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Chevrolet Surburban Photographs,
See the Chevrolet Photography BookThe Chevrolet Surburban and the GMC Suburban are essentially the same vehicles except for a few small differences in body trim including the grille, and, in older versions, also the engines.
In 1933 Chevrolet created their first station wagon built upon the frame of their 1/2 ton pickup.. This first model was specifically manufactured for the Civilian Conservation Corps and National Guard units. A great deal of it's body was built of wood, and seated as many as eight passengers.
From 1935 through 1940 Chevrolet built the Second generation body they called a "Carryall Suburban". These Surburbans shared the frames and front sheet metal with the 1/2 ton pickup, although they had all-metal bodies with very little shape differences from those contemporary "woodies". Seating for as many as eight passengers was available, with three in the front, two in the center, and three occupants in the back row. An option for panel doors or choice of a tailgate/lift window allowing easy loading of items was available.
Although it had windows and seats instead of just a windowless monster cargo area.. You could call them station wagons built on a truck chassis, the initial Suburbans had but two doors plus a two-door tailgate and featured seating in three rows with room for as many as eight passengers. The typical engine was, a 217 cubic-inch overhead valve inline six cylinder with only 90 horsepower. Minor alterations to the body stayed with the first Suburban all the way to 1940.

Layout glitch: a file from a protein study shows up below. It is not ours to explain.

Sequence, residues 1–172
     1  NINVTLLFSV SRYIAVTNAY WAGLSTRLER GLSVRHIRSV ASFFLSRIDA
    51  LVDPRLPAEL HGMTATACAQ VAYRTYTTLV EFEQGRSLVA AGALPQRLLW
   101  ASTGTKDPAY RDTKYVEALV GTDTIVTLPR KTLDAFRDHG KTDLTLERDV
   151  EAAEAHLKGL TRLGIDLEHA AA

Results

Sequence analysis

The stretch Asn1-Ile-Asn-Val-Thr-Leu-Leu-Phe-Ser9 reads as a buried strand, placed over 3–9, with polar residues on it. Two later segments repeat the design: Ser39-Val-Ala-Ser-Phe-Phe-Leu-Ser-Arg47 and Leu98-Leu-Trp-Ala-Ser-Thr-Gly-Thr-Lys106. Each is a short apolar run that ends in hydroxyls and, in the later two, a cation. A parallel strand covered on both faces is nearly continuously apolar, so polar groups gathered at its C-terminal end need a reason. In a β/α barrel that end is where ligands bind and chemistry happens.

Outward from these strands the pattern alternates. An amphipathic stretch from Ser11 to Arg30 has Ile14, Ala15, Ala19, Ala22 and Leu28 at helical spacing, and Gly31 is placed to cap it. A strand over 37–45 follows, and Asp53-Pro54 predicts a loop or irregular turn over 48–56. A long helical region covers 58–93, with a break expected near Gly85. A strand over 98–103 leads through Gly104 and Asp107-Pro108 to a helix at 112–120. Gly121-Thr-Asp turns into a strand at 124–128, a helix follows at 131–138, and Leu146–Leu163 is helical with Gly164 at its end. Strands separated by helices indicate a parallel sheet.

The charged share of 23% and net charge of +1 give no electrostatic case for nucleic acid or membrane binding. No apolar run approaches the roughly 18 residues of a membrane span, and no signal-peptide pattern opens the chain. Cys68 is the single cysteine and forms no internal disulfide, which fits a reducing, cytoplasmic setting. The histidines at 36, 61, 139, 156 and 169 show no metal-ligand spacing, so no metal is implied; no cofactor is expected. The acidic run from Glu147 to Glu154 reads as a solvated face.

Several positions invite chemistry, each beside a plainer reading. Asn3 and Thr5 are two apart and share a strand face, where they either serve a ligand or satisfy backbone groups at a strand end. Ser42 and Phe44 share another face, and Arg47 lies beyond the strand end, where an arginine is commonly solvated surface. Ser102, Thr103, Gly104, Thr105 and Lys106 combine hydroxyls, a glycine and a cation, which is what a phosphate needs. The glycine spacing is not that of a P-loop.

In 1941 came the bullet-shaped headlights that swept from the fenders. The GMC's had a new 93 horsepower inline six. engine. However Chevrolet manufactured no vehicles for civilians from 1943 through 1945 because of supporting World War II.
In 1946 Chevrolet simply began again up exactly where it had stopped, resulting the 1946 models being virtually the same vehicles as the 1942 models.
The 1947 Suburban was restyled with flush headlights and acquired a broader-shouldered look featuring a wider grille along with passenger area. This basic premise continued on until 1954, when the biggest news was the new GMC Hydra-Matic transmission and increased power which for the Suburban was now up to a whopping 100 horses.
Many automotive makers used the name "Suburban" to denote a station wagon style body with windows mounted on a commercial pickup frame which included;
Plymouth and Studebaker. Production of the all-steel Chevrolet "carryall-suburban" began in 1935. GMC introduced its first model in 1937. These early SUV vehicles were also called "Suburban Carryalls" until GM shortened the name to just "Suburban."
1932 Chevrolet Confederate use by U.S. Army
1935 Chevrolet Surburban
1935 Chevrolet Surburban
1936 Chevrolet Surburban
1937 Chevrolet Surburban
1938 Chevrolet Surburban
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